Notes on Language Creation

Language creation can be a tough thing to get a hold of. There is no "How To" book for language creation. Everyone has their own opinions; everyone has good ideas. These are a few of mine (opinions, not good ideas—the latter's for you to decide).

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The Conlang Manifesto

A while back (more than a couple years now, I guess), I wrote an e-mail to the CONLANG list about my feelings about language creation. Specifically, it was my defense of language creation to those who would attack it (specifically linguists). Jesse Bangs took a fancy to my statement, and hosted it on his website. That website, while still in existence, appears to have been abandoned. For that reason, I've decided to put the manifesto up here (since I did write it). I may not agree with everything I said now (I'd have to read it again), but I did say it at one point in time, so it may as well be up here. With that said, here it is:

The Conlang Manifesto

To me, it seems odd to have to defend language creation, and yet it's been repeatedly attacked, mainly by linguists (which is the most baffling part about the whole business), and decried as a form of frivolity which should not and cannot be taken seriously by anyone, or even wicked (I've heard it). To such claims, I say the following things.

I would hope that many would agree that doing something that neither harms the doer nor anyone else is not wrong. That said, creating languages, to my knowledge, has never resulted in the harming of another human being, or of the language creator (at least, I've heard of no reports of a language creator driven insane. Though I should note that Esperantists were persecuted in Germany during the Holocaust, along with just about everyone else). Like any other hobby or activity, the only requirement is a requirement of time, and time management has nothing to do with the activity itself, but only with the one performing it. Thus, it can't be argued that language creation is "a waste of time", it can only be argued that certain people are wasters of time—how they do it is irrelevant.

The other argument—whether language creation can be taken seriously—is a bit stickier. The main problem I see that people have with language creation is that it's "weird"—that is, not usual. As such, anything that is not usual will be regarded with apprehension initially; it's as old as Copernicus—even older than that. If you point this out to the arguer, s/he will usually counter with the argument that language creation is useless, and therefore, frivolous. And, looking only at the utilitarian end of it, if the creator isn't going to use his/her language for communication, and since language can be viewed only as a means of communication, language creation is pretty useless.

But is this all language is: A method of communication? If so, what is poetry? what is literature? What possible use could James Joyce's Ulysses have? I suppose if you were on a desert island and needed to smash crabs, it would do the trick—it's pretty thick, after all. But beyond that? According to them, it would have no use. And why stop there? What good do paintings do anyone? They just sit there, after all, doing nothing for nobody. And along with this goes any other form of visual art: Pottery, jewelry, tapestry, mosaic, sculpture, animation… And what about architecture? You just need a roof over your head; no reason it needs to look fancy. So out the window it goes, too. And music?! My word! There's not even any functional value in music! So let's burn all our musical instruments and albums: Goodbye Tchaikovsky, bye-bye Beatles, see ya' Enya, aloha Israel Kamakawiwo'ole (that's the "aloha" that means "goodbye", not "hello"). Pretty soon what you're left with is a world without art.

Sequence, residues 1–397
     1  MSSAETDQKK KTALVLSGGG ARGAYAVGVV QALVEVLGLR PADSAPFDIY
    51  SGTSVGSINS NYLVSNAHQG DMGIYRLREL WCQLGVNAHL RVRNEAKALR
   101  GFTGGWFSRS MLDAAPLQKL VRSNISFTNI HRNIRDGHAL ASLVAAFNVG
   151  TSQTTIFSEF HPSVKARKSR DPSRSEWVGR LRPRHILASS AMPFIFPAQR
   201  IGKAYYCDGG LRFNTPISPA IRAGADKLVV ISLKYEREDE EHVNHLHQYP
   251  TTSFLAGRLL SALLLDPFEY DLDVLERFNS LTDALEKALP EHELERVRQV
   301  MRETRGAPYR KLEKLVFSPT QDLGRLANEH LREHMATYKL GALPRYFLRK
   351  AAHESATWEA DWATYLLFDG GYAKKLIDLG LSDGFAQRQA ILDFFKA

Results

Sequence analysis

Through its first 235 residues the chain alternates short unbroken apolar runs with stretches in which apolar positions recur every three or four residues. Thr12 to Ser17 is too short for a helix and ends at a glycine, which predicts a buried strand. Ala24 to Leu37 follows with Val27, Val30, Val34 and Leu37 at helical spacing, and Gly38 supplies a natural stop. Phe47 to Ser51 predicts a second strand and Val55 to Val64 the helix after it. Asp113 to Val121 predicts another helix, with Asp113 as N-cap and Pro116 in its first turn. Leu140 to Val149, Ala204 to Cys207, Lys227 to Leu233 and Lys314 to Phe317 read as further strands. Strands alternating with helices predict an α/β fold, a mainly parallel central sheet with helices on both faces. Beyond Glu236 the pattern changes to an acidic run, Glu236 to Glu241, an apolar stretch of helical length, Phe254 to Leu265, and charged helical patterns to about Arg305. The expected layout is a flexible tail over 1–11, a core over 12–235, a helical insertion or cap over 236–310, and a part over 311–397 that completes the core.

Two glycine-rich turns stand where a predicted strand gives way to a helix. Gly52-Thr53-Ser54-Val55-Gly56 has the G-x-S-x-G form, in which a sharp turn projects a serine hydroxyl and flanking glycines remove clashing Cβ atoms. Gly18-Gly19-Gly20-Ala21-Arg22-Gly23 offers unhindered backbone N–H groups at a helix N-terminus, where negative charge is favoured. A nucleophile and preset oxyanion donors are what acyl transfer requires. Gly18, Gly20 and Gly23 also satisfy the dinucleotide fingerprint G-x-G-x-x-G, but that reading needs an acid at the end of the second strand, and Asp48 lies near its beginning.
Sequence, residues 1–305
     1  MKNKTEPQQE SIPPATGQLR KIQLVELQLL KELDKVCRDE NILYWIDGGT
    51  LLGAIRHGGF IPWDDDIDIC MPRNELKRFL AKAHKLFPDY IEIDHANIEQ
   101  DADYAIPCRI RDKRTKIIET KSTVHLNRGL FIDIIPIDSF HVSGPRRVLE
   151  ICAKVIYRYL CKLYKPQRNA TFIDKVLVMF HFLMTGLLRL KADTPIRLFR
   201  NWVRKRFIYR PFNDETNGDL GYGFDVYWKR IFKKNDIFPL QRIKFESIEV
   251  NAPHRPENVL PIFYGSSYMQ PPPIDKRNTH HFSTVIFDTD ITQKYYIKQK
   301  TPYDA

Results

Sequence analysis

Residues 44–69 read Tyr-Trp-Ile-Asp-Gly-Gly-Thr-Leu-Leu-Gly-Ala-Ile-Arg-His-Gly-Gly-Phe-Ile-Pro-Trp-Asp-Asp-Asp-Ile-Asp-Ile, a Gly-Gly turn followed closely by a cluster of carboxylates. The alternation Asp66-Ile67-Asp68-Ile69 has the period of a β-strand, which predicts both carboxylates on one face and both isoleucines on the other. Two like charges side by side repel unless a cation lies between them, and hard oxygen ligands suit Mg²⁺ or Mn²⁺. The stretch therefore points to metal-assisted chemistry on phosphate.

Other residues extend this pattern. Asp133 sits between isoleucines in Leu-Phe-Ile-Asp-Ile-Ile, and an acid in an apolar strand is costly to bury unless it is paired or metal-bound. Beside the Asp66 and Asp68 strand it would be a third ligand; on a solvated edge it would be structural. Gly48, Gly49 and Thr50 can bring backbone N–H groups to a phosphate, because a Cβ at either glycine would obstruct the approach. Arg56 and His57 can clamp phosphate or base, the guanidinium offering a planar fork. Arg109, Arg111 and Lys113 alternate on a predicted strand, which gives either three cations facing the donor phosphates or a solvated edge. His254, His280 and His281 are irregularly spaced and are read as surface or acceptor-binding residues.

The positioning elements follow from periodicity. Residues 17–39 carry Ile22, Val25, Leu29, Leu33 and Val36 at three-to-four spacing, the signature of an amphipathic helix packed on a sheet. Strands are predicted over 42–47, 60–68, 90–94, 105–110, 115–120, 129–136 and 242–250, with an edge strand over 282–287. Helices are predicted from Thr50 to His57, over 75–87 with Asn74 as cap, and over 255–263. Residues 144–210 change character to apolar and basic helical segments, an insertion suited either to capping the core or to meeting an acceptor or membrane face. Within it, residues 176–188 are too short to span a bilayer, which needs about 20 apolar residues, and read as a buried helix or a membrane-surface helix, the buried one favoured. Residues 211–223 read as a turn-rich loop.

At this point, the argument should come to an end. The rigor and usefulness of art is an argument that has been argued many times by many people much more articulate than I, and by now (I certainly hope), the whole world should have figured out that art really does pull its weight on Earth. So, let's continue from here. Any university worth its salt is going to have an art department. Millions of people every year study useless, frivolous art. So why not language creation? Nearly every serious subject has an art associated with it that's also studied: Literature has poetry and prose; computer science has computer graphics and video games (another underappreciated form of art); functional architecture has artistic architecture; art history has art; music theory has music. If you take this to its natural conclusion, is not language creation the art most closely associated with linguistics?

This is particularly why I find the condemnation of language creation by linguists so befuddling. Aside from art, though, language creation has other uses. First, creating a language allows one to better understand language itself. One who creates an ergative language is far more likely to understand ergativity in natural languages than one who does not, I say. What's more, this same understanding can ease foreign language learning considerably—not to mention linguistics itself. More importantly, it gets one thinking about the multifariousness and beauty of language, and one who can appreciate this is less likely to misunderstand, deprecate and stereotype those speaking other languages, which is one of the main causes of racism and ethnocentrism. In short, language creation is one of the keys to social harmony and world peace. If one is going to take anything seriously, certainly world peace is it, and if so, shouldn't language creation be given some credit too?

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